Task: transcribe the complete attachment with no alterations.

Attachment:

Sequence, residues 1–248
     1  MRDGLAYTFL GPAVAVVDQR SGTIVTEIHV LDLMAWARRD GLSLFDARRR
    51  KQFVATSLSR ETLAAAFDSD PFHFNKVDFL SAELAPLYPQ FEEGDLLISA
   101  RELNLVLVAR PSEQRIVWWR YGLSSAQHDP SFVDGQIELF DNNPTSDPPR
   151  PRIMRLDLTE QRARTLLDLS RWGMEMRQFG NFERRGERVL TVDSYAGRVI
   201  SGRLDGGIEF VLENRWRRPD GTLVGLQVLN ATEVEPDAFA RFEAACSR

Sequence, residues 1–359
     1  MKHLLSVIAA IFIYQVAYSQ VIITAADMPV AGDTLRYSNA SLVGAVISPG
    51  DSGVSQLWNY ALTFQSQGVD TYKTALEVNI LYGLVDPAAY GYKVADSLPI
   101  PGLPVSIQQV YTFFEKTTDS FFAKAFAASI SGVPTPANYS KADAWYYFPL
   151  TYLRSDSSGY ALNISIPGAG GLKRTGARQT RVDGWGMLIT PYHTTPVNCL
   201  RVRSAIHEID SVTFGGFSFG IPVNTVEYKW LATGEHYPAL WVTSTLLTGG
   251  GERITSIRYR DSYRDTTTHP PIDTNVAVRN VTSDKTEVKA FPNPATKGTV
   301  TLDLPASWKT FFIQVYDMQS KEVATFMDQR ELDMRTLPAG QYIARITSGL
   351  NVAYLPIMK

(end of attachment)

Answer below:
Sequence, residues 1–248
     1  MRDGLAYTFL GPAVAVVDQR SGTIVTEIHV LDLMAWARRD GLSLFDARRR
    51  KQFVATSLSR ETLAAAFDSD PFHFNKVDFL SAELAPLYPQ FEEGDLLISA
   101  RELNLVLVAR PSEQRIVWWR YGLSSAQHDP SFVDGQIELF DNNPTSDPPR
   151  PRIMRLDLTE QRARTLLDLS RWGMEMRQFG NFERRGERVL TVDSYAGRVI
   201  SGRLDGGIEF VLENRWRRPD GTLVGLQVLN ATEVEPDAFA RFEAACSR

Sequence, residues 1–359
     1  MKHLLSVIAA IFIYQVAYSQ VIITAADMPV AGDTLRYSNA SLVGAVISPG
    51  DSGVSQLWNY ALTFQSQGVD TYKTALEVNI LYGLVDPAAY GYKVADSLPI
   101  PGLPVSIQQV YTFFEKTTDS FFAKAFAASI SGVPTPANYS KADAWYYFPL
   151  TYLRSDSSGY ALNISIPGAG GLKRTGARQT RVDGWGMLIT PYHTTPVNCL
   201  RVRSAIHEID SVTFGGFSFG IPVNTVEYKW LATGEHYPAL WVTSTLLTGG
   251  GERITSIRYR DSYRDTTTHP PIDTNVAVRN VTSDKTEVKA FPNPATKGTV
   301  TLDLPASWKT FFIQVYDMQS KEVATFMDQR ELDMRTLPAG QYIARITSGL
   351  NVAYLPIMK